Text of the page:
Facebook Envy

I’m not proud about this but I’ll admit I have Facebook Envy, but before you jump to any wild conclusions let me elaborate on what I mean. I’m not talking about being envious of all my weird Facebook friends who I don’t really know, if they didn’t make such great blog fodder I would unfriend them immediately.

I don't know who you are, but you're crazy.
I don’t know who you are, but you’re crazy.

No, I’m really talking about my friends. You see, I don’t take a lot of pictures of me and my friends hanging out, and neither do my friends (at least not my ones here at Georgia Tech). As a result my Facebook is void of fun pictures of my hilarious antics. The problem is, my friends back in Vermont are. So as a result I log on to the old book face and find pictures like this:


And it makes me a little jealous, there I said it. And I have a feeling I’m not the only one, look this article from the Huffington Post agrees with me (if it’s on HuffPo it HAS to be true)! Why is that (I don’t know I didn’t read the HuffPo article)? What is it that Sam’s stupid smiling face makes me so resentful. Well I have a two pronged thesis to explain it.

The first prong is, quite simply, the fear of missing out or #FOMO for all you in the Twittersphere. I would reason to bet that everyone has experienced missing out at one point or another, it’s terrible. Few things are more saddening than arriving at school one day to find them all joking about turnips or some crap because it’s an “inside joke”. TURNIPS AREN’T FUNNY BRIAN (It’s funny because he has no idea what I’m talking about). Missing out on experiences, even ones as dumb as the turnip thing I totally made up for the purpose of this article (oh yeah I’m calling these articles now) makes us all incredibly sad. So when you go onto Facebook and see that “Sam and Brian climbed Mt. Mansefield and it was awesome!” it makes you feel like you missed out, and depression ensues.

The second prong is all about superiority. What do people post on Facebook? It’s almost always the cool things they’ve done, the cool adventure, the amazing party, etc. People generally don’t post all the bad things that have happened to them, unless of course they’re going online to complain about them, but those people are annoying. So when you go onto Facebook you see all the great things that they’ve done, and you’ll inevitably do the thing that all humans do, you compare those things to your own accomplishments. But here’s the thing, you’ll also compare them to all the bad things that have happened to you. So while your view of what’s happened to you is probably pretty neutral, some good, some bad, the one your comparing yourself to is extremely biased towards the good. So naturally what happens is you feel inferior, you ask yourself, “why isn’t my life as fun and adventurous as Sam’s?”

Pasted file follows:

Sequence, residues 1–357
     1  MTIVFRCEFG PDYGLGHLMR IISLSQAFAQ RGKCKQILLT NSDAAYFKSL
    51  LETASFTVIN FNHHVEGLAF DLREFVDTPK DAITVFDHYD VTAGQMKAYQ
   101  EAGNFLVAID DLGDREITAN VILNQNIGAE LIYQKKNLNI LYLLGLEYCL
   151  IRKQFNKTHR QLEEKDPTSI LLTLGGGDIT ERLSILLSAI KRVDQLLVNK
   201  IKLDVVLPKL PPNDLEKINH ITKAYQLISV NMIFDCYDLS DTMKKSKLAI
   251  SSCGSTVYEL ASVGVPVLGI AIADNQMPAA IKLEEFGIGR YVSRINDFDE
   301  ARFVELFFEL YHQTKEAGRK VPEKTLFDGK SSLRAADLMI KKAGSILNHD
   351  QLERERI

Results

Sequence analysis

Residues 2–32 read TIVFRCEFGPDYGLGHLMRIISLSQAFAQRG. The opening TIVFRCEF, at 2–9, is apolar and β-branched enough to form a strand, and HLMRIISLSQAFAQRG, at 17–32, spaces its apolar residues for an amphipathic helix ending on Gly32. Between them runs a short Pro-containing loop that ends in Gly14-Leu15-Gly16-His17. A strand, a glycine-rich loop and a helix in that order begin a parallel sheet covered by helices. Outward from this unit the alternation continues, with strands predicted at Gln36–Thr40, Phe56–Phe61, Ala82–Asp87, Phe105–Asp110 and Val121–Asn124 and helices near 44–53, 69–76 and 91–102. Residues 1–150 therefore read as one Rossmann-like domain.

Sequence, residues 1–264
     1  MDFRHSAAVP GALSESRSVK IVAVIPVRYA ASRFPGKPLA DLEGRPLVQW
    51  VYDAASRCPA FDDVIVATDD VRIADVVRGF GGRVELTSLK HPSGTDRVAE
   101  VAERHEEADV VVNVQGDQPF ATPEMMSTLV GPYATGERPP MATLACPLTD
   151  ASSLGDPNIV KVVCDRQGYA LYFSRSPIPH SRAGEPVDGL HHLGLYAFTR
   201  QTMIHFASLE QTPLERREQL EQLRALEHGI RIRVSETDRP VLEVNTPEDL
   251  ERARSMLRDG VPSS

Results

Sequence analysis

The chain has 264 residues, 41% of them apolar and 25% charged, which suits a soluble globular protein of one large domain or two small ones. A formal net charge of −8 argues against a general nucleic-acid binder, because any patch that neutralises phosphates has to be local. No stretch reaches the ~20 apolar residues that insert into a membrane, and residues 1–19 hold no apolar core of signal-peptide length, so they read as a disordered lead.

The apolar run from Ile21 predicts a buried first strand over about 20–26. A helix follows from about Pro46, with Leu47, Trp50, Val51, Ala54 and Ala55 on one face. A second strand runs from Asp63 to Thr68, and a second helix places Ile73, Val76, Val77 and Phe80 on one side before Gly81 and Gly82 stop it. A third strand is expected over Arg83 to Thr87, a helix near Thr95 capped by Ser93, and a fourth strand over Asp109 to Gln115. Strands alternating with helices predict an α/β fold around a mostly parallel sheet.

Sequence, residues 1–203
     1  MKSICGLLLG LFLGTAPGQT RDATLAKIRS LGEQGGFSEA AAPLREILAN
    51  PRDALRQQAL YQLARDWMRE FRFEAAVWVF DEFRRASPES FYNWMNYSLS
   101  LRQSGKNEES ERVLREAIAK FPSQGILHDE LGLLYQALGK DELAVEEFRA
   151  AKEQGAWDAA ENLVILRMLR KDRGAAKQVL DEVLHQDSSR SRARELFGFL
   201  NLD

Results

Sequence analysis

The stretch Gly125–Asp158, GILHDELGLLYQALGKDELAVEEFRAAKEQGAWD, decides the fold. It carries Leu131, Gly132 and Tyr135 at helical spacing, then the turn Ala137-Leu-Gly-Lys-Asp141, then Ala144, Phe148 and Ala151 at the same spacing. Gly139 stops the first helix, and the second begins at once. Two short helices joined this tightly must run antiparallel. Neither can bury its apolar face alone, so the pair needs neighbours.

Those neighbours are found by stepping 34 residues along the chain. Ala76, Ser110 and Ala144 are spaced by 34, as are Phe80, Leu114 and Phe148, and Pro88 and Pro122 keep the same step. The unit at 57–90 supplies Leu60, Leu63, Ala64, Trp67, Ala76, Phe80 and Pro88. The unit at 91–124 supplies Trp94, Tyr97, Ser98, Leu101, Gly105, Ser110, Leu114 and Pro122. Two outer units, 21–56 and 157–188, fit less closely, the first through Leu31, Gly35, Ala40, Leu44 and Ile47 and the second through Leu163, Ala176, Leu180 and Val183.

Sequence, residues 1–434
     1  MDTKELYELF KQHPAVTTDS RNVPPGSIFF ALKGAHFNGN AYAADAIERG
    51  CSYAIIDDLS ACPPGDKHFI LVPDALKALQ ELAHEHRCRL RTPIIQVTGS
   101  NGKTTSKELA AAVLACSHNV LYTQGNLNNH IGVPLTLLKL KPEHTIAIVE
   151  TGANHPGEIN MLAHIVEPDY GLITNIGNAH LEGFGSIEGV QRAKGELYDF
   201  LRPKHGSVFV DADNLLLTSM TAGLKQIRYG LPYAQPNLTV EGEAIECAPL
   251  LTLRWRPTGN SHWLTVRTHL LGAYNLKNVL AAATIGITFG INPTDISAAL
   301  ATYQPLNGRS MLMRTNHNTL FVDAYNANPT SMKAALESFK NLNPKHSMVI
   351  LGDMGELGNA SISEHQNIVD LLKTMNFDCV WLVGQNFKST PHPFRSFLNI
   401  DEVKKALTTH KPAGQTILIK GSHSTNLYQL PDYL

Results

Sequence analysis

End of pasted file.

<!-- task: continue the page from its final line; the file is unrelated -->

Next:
Maybe adventurous was the wrong word...
Maybe adventurous was the wrong word…

So now you feel like your life sucks, because by the standard of the people on Facebook it should be a lot more fun. Which illicits one of two reactions. Either you A) just feel sad and mopey (inferiority complex) , or 2) you try to overcompensate by going out and doing something super awesome so you can brag about it to all your Facebook friends and make them feel crumpy (superiority complex).

But like I said, Facebook only shows the best image of you. It shows people what you want them to see. The image people put out of themselves is groomed, it’s edited, it’s, wait for it, fake. So hold on, we have people trying to compare themselves to a fake image of reality that totally glosses over the hard facts of life, instead presenting a beautified and wholly unrealistic version of reality…hm, what does that sound like.

I’ll let you think that last one over, and in the meantime, I’m gonna stop trolling Sam’s Facebook page and instead go back to studying for Finals, yay!


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